There is No Possible Sequester Deal to be Made

Fight disinformation. Get a daily recap of the facts that matter. Sign up for the free Mother Jones newsletter.


I’ve successfully avoided writing about the sequester over the last few days, but I’m curious: does anyone seriously think a deal is even possible? I don’t quite see how. Here are the possibilities:

  • Eliminate the sequester entirely. Zero chance of Republicans agreeing to this.
  • Ditch the defense cuts, replace them with domestic cuts plus a tax increase. Zero chance of Republicans agreeing to this.
  • Ditch the defense cuts, double the domestic cuts. Zero chance of Democrats agreeing to this.
  • Ditch the defense cuts, keep the domestic cuts. Approximately zero chance of Democrats agreeing to this.
  • Kick the can down the road with some kind of small-ball deal. Possible, I guess.

Am I leaving out some possible permutation here? I can just barely imagine a small-ball deal, maybe one that’s 100 percent spending cuts, maybe one that includes some kind of semi-hidden revenue increase. But that’s about it. Every other possibility is substantially worse than the status quo to either Democrats or Republicans.

But for some reason we keep talking as if a deal is possible. So what am I missing here? As far as I can tell, neither side is genuinely trying to negotiate. They’re just trying to make sure the other side gets the blame when sequestration kicks in, as it inevitably will.

So who’s winning that game? A friend emails to say that this paragraph from Gloria Borger, a reliable barometer of DC conventional wisdom, suggests that Republicans are:

The president proposes what he calls a “balanced” approach: closing tax loopholes on the rich and budget cuts. It’s something he knows Republicans will never go for. They raised taxes six weeks ago, and they’re not going to do it again now. They already gave at the office. And Republicans also say, with some merit, that taxes were never meant to be a part of the discussion of across-the-board cuts. It’s about spending.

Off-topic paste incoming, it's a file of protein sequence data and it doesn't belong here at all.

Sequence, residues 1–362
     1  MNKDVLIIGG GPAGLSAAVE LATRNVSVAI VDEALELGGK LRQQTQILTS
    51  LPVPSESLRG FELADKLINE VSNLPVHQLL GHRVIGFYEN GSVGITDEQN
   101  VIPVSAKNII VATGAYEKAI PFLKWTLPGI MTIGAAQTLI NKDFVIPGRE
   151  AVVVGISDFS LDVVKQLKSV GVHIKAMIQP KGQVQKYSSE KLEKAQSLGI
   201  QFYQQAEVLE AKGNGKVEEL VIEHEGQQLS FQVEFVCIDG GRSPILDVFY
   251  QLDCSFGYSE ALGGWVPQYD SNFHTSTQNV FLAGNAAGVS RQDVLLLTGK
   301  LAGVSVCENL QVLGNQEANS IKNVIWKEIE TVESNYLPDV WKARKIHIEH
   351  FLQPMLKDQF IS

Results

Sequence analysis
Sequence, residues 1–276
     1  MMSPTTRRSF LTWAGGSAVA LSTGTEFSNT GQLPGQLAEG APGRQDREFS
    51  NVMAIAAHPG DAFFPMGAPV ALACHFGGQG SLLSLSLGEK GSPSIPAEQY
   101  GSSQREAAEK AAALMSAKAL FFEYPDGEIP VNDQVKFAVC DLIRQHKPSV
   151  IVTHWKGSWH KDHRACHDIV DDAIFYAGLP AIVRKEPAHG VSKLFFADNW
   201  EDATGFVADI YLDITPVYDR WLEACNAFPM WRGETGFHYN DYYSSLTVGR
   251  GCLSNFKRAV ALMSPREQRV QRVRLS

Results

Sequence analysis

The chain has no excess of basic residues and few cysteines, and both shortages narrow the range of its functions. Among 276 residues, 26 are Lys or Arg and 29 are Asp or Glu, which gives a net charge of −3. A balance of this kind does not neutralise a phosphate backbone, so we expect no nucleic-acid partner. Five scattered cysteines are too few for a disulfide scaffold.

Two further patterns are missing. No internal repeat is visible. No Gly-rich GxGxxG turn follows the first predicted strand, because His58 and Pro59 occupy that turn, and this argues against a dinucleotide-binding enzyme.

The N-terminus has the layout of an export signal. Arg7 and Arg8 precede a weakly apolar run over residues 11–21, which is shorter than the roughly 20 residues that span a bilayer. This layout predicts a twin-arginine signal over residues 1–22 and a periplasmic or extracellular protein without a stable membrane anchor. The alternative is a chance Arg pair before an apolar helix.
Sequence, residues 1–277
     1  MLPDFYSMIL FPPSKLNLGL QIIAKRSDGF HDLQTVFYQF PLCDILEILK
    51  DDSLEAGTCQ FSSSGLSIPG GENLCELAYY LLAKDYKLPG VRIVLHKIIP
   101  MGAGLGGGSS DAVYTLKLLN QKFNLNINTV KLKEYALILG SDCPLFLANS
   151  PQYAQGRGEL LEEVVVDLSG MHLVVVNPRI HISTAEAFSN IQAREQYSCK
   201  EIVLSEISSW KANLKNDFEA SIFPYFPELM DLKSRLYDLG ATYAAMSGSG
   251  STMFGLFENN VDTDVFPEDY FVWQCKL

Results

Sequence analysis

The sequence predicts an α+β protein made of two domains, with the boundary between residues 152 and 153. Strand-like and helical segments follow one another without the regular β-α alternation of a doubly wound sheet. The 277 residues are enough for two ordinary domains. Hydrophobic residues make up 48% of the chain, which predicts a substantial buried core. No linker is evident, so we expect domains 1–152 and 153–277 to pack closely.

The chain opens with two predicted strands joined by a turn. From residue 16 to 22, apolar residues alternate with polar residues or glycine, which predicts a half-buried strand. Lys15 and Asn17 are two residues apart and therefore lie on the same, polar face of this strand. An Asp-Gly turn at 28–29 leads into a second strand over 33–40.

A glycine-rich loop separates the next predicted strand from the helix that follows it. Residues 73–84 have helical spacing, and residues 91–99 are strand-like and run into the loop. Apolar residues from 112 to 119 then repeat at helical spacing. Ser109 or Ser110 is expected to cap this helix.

Sure enough, Borger unquestioningly accepts the Republican framing that (a) further tax increases are an absurdity and (b) the debt ceiling deal wasn’t about reducing the deficit, it was about reducing spending. If this view is common deep in the lizard brains of the DC press corps, Obama has his work cut out for him.

HERE ARE THE FACTS:

Our fall fundraising drive is off to a rough start, and we very much need to raise $250,000 in the next couple of weeks. If you value the journalism you get from Mother Jones, please help us do it with a donation today.

As we wrote over the summer, traffic has been down at Mother Jones and a lot of sites with many people thinking news is less important now that Donald Trump is no longer president. But if you're reading this, you're not one of those people, and we're hoping we can rally support from folks like you who really get why our reporting matters right now. And that's how it's always worked: For 45 years now, a relatively small group of readers (compared to everyone we reach) who pitch in from time to time has allowed Mother Jones to do the type of journalism the moment demands and keep it free for everyone else.

Please pitch in with a donation during our fall fundraising drive if you can. We can't afford to come up short, and there's still a long way to go by November 5.

payment methods

ONE MORE QUICK THING:

Our fall fundraising drive is off to a rough start, and we very much need to raise $250,000 in the next couple of weeks. If you value the journalism you get from Mother Jones, please help us do it with a donation today.

As we wrote over the summer, traffic has been down at Mother Jones and a lot of sites with many people thinking news is less important now that Donald Trump is no longer president. But if you're reading this, you're not one of those people, and we're hoping we can rally support from folks like you who really get why our reporting matters right now. And that's how it's always worked: For 45 years now, a relatively small group of readers (compared to everyone we reach) who pitch in from time to time has allowed Mother Jones to do the type of journalism the moment demands and keep it free for everyone else.

Please pitch in with a donation during our fall fundraising drive if you can. We can't afford to come up short, and there's still a long way to go by November 5.

payment methods

We Recommend

Latest

Sign up for our free newsletter

Subscribe to the Mother Jones Daily to have our top stories delivered directly to your inbox.

Get our award-winning magazine

Save big on a full year of investigations, ideas, and insights.

Subscribe

Support our journalism

Help Mother Jones' reporters dig deep with a tax-deductible donation.

Donate